A new deal, with no cards

'One of the most critical things is that information that's being captured is rolling up the chain to our DOD databases so that information can be mined at any time.'

'Lt. Col. Claude Hines, MC4 product manager

Henrik G. de Gyor

Integrated system tracks soliders' medical history, starting in the field

Since World War II, soldiers deployed on contingency operations have carried paper medical cards listing their medical history, immunization records and treatments.

But with the unpredictable nature of war and the frequent movement of troops, the Form 1380 cards would often get lost or become weather-beaten, leaving Army medics to base their medical assessments on a soldier's memory of previous care.

Further, the paper method gave medics no way of tracking medical trends on the battlefield.

Handhelds to the front

These days, medics maneuvering across the treacherous roads and fields in Iraq, Kuwait and Qatar need only a handheld or a notebook computer to check the medical records of a solider suffering anything from the common cold to a life-threatening illness.

Since the start of military operations in Iraq, the Army has sent portable computers to the battlefield for medics to use as part of the Medical Communications for Combat Casualty Care program.

MC4 is the infrastructure that integrates military and commercial hardware and software products into a complete automated medical records picture for deployed forces. The tactical system runs on ruggedized notebook PCs and handhelds, and offers surveillance, tracking and logistical information on a patient's whereabouts and condition.

'We are the single Army medical information management program for the deployable medical force,' said Lt. Col. Claude Hines, MC4 product manager, headquartered at Fort Detrick, Md. 'One of the most critical things is that information being captured is rolling up the chain to our DOD databases so that information can be mined at any time.'

For example, if a soldier is critically injured in Iraq and needs to be transported to Washington's Walter Reed Army Medical Center, his medical information would be documented in the Clinical Data Repository so Walter Reed doctors could analyze and continue his care, Hines said.

Before, soldiers would bring their paper cards with them.

'On the patient care side, we're able to keep medical records on the computer on patients we've seen, and we also have the ability to look up where the patient previously has been seen and what else he has been seen for,' said Sgt. 1st Class Douglas Wallace of the 2-3 Infantry Division of the First Stryker Brigade of Fort Lewis, Washington.

MC4 helps medics treat patients on the battlefield by giving them access to medical records in the Composite Health Care System II Theater database, which runs over the MC4 infrastructure. So far, roughly 5,000 MC4 systems have been deployed to 200 units in Iraq, Kuwait and Qatar, and the service plans to deploy additional units to Afghanistan, Korea and Germany in 2006.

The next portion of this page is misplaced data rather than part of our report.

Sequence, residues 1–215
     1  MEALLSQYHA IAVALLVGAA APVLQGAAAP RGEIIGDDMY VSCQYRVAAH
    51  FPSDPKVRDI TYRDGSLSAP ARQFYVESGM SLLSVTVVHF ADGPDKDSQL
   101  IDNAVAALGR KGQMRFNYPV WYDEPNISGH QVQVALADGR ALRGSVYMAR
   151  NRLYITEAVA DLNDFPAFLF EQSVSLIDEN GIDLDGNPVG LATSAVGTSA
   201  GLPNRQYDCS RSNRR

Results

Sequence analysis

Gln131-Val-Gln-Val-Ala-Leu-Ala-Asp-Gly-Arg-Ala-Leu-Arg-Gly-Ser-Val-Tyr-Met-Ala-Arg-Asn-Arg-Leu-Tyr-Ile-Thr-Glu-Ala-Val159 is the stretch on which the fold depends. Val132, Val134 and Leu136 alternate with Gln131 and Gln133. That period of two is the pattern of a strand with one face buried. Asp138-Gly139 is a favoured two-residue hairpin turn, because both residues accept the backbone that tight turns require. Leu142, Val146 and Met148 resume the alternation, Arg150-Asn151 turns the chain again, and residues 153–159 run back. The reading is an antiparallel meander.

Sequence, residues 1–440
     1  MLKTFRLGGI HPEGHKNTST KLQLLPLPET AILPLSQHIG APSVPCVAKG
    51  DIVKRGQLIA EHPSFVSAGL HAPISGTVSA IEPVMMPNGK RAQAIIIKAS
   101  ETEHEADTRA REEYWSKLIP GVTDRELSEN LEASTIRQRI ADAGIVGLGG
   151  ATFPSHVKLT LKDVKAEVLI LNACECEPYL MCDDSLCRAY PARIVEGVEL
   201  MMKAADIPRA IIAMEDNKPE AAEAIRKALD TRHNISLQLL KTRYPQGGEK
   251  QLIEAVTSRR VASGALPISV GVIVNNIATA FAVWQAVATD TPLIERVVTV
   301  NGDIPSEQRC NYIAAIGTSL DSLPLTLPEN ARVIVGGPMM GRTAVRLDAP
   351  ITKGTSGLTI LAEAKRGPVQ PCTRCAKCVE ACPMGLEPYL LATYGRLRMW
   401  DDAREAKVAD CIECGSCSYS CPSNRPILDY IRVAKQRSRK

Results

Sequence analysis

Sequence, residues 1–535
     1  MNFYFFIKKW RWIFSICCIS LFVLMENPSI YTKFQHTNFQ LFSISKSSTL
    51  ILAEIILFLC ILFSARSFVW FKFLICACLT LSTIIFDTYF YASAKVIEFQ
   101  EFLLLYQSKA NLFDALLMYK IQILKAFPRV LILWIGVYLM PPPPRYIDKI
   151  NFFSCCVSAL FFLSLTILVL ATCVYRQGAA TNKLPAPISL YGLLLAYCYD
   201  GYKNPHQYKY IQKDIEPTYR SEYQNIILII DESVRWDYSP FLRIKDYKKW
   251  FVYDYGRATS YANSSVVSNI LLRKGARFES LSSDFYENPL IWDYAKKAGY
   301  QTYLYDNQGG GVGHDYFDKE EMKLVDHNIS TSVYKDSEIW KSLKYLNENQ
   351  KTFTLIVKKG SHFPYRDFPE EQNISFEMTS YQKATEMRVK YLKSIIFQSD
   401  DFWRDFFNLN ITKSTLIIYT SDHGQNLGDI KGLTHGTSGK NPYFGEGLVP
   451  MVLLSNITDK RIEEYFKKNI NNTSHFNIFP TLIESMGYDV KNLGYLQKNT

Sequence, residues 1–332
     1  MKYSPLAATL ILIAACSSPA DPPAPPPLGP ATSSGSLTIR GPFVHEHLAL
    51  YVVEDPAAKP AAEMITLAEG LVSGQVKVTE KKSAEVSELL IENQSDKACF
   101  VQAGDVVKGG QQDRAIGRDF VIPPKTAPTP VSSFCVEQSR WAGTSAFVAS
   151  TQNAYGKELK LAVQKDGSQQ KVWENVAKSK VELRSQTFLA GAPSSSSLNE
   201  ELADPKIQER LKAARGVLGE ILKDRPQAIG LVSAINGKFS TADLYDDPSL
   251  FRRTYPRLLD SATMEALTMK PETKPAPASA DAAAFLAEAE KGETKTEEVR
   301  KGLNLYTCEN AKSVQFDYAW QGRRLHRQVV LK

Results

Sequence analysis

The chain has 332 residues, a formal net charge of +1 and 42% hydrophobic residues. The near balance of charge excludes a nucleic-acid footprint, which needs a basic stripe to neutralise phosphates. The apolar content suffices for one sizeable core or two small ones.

MC4 links about a dozen Army Medical Department operational systems and features a Battlefield Medical Information System-Telemedicine application that lets medics enter information from the field, such as if a soldier is wounded.

Versatile app

Another app known as TRAC2ES (Transportation Command Regulating and Command and Control Evacuation System), developed by Booz Allen Hamilton Inc. of McLean, Va., lets combat medics track the movement of patients as they are treated and as they move throughout the theater.

Using MC4, medics perform a range of tasks, such as tracking symptoms of patients, ordering supplies in bulk and finding information on drug doses and physician references.

Wallace's unit was among the first to use the MC4 systems in Iraq, ordering medical supplies across the system, providing everyday patient care and even keeping track of expiration dates for medicine.

MC4 has also cut down on medical errors associated with reading a soldier's sometimes indecipherable paper cards, he said.

'It enables the medical supply guys to get near-instantaneous feedback on equipment,' Wallace said. 'In the old days, the only way you got medical supplies was to hand paper copies down to our support battalion. Now I'm able to do it and send it directly to the medical supply guys, so it's cut out all the middle guys directly.'

Besides improving Army medical operations, MC4 helps the service's medical teams coordinate more easily with other military doctors, officials said.

Earlier this year, the Army awarded Anteon International Corp. of Fairfax, Va., a five-year, $117 million contract to support the MC4 program.

The company will provide program management to the MC4 Program Management Office for all phases of the program.

Hines said the MC4 program started in 1999'two years after Congress mandated that DOD develop a medical tracking system for its members deployed for contingency operations overseas.

The Army started deploying systems for contingency operations in 2002.

For more information on the program, go to www.mc4.army.mil.

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